Mt. Vernon Register-News

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January 4, 2013

Train derailment cleanup will take time

Cause of the accident has not been released at this time, officials say

MT. VERNON — It is expected to take “weeks or months” to fully clean up the damage caused by Sunday’s train derailment.

“Right now, they have to build a road to the area to get transfer trucks in to unload materials off the cars,” Mt. Vernon Fire Department Assistant Chief Kevin Sargent said. “All of the derailed cars are in an open field behind Bennett Materials. The railroad, once the cars have been unloaded, cleaned and scrapped, will put the field back to normal and the owners compensated for damages.”

Eight cars of a Norfolk Southern train derailed about 6:30 a.m. Sunday morning in the area of Liberty Road and Rackaway Street. One rail car which carried 30,000 gallons of liquid ethanol gas, and an estimated 3,400 to 5,000 gallons leaked out as a result of the derailment.

“The U.S. Environmental Protection Agency was on the scene (Wednesday) and the Illinois Environmental Protection Agency has been monitoring the site with the railroad,” Sargent said. “They will oversee the cleanup of soil and take soil and water samples in that area.”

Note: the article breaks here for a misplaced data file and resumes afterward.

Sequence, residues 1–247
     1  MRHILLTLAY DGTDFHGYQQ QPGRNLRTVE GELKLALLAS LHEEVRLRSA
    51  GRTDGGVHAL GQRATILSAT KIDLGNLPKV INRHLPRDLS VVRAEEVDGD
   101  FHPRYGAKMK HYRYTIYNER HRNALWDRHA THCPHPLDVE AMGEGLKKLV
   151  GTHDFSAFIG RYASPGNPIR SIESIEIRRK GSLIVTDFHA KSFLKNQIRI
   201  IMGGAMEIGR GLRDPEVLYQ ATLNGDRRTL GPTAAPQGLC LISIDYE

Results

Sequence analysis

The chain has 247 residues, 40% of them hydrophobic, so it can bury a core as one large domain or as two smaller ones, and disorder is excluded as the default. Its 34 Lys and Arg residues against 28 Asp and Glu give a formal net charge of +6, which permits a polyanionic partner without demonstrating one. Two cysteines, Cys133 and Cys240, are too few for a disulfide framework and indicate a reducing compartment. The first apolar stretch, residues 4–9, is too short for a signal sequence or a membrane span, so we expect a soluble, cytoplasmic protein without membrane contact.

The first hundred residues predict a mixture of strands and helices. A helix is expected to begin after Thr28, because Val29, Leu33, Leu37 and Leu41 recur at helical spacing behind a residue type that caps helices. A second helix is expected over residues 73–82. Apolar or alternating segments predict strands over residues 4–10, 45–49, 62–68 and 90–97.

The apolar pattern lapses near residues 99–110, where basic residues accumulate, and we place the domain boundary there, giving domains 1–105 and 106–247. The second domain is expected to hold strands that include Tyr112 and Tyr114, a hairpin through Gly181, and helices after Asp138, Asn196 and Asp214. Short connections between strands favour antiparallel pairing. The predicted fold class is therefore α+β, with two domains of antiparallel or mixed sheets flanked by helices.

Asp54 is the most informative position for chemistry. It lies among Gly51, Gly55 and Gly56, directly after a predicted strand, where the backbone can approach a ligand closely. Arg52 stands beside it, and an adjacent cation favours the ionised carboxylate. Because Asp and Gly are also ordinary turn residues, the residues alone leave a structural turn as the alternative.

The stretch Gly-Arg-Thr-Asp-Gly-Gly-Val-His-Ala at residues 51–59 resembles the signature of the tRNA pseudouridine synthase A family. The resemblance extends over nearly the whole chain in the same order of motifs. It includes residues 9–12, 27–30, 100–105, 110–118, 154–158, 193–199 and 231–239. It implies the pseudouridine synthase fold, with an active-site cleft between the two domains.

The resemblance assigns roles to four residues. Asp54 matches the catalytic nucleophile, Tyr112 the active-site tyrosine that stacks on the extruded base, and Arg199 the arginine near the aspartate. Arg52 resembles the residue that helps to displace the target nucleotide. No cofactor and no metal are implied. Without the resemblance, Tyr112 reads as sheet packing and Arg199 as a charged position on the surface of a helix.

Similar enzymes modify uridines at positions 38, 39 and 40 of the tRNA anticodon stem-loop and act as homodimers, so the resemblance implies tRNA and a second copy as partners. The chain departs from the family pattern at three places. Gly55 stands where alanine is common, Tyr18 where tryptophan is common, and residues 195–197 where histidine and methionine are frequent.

There has been no official cause of the derailment released at this time.

Cleanup will be dependent on the weather, Sargent said.

“The railroad has been great to work with and very open, answering all the questions we asked,” Sargent said.

Sargent also commended the firefighters who responded at the scene.

“The guys did so well with the hazardous materials response and stopping the leak,” Sargent said. “That’s exactly what we train for. Training works.”

Sargent said conditions at the time of the derailment were favorable for a positive outcome.

“We had luck on our side,” Sargent said. “The temperatures were low, location was good, and there was no wind. It’s sobering when you think if the derailment had happened 200 foot west the cars would have been inside a building — Sun Container or Bennett Metals. Everything worked well in this instance.”

Sargent said with three major railroads in the city, firefighters on the department receive special training.

“With all the trains going through day and night, we focus a lot of training on rail cars and what to do when a derailment happens in the city,” Sargent explained. “We will keep training and preparing for the next one. Hopefully, it never happens, but we’re in the business of being prepared and ready.”

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